There were also major outbreaks in Thailand, with over 100 deaths, and Malaysia’s dengue cases reached an all-time high.
Dengue symptoms include fever, sweating, vomiting, muscle spasms and sore joints.
Zika, another mosquito-borne disease, emerged in 2015 in Brazil and spread to over 50 countries. There were at least three cases reported in Hong Kong from people who had visited Latin America and the Caribbean, and 22 imported cases were reported in mainland China.
Zika is usually mild and requires no specific treatment, but is dangerous for pregnant women as it has been linked to microcephaly: babies born with abnormally small heads and malformed brains, neurological complications, eye and ear problems, or even still born.
Another preventable disease which is re-emerging across Asia is polio, which invades the nervous system and can cause irreversible paralysis within hours. It spreads rapidly among children, especially in unsanitary conditions in underdeveloped regions where health care is limited. Afghanistan and Pakistan are the last countries where the disease is endemic.
An infant was diagnosed with polio in Malaysia in December 2019, the country’s first reported case in 30 years. And in the Philippines, three cases were reported last September, 19 years after the country was declared polio-free.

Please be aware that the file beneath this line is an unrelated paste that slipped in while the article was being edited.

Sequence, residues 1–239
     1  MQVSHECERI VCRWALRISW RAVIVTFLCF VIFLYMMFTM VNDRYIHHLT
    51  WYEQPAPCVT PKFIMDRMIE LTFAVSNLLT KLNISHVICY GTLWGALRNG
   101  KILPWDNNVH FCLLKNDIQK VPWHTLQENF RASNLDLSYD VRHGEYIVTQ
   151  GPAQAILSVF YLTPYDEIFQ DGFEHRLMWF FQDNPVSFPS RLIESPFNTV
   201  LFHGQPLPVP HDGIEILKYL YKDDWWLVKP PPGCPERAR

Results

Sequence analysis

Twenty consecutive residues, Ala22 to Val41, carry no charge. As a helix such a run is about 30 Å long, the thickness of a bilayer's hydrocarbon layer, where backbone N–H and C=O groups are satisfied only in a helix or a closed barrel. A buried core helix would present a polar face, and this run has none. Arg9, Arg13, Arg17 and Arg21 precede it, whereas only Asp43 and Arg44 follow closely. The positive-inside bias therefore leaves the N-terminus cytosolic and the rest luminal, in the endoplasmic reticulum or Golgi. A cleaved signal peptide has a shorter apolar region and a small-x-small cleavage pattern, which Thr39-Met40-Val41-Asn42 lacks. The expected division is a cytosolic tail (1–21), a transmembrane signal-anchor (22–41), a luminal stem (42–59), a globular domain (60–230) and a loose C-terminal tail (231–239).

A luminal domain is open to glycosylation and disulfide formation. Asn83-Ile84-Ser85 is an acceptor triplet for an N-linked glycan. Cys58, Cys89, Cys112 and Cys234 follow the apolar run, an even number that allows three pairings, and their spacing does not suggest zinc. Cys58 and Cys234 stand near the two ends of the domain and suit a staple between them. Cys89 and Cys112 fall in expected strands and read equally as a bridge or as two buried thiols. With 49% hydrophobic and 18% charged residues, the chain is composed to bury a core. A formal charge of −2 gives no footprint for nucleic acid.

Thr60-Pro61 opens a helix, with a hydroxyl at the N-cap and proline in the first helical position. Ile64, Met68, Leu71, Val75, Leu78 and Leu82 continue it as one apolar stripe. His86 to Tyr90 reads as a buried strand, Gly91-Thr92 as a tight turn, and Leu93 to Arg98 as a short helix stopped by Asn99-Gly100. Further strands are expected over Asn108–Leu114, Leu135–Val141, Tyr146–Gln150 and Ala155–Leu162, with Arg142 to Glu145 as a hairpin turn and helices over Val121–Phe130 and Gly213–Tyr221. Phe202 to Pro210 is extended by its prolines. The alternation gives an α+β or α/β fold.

The 1918 Spanish flu is considered the deadliest pandemic in modern history, infecting a third of humanity and killing between 20 and 50 million people. Its spread was exacerbated by the movement of soldiers during World War I. It was caused by a strain of the H1N1 virus, which was also behind the 2009 swine flu epidemic.
Other influenza outbreaks include the 1957 Asian flu, which resulted in about 2 million deaths, and the 1968 Hong Kong flu, which killed over 1 million people. While this influenza strain was not as deadly as the Spanish flu, it was highly contagious, with symptoms lasting for four to five days. It infected 15 per cent of Hong Kong’s population at the time.
The disease caused three major pandemics in recorded history, killing millions of people, and was known as the Black Death in the 14th century. In May 1894, the plague came to Hong Kong. Although deadly and disruptive, the outbreak also led to changes in living conditions and sanitation in the city, and resulted in the introduction of representative democracy in Hong Kong for the first time.
Plague is mostly carried by rodents and spread when plague-infected fleas bite humans. There are three strains – bubonic, pneumonic and septicaemic. The most common form is bubonic plague, which causes death in 40 to 80 per cent of victims. The other two strains are far more deadly.
In November 2019, a man in China’s Inner Mongolia province was diagnosed with bubonic plague after eating a wild rabbit and two people in the region contracted pneumonic plague a week earlier. Although it has mostly been eradicated in China, there are occasional cases and there have been six deaths in the last five years.
HOW TO PREVENT INFECTION
There is no vaccine for the new coronavirus, but the World Health Organisation recommends washing hands regularly, covering the mouth and nose when coughing and sneezing, and thoroughly cooking meat and eggs.
It also suggests wearing a mask if you are ill and avoiding close contact with anyone showing symptoms of respiratory illness.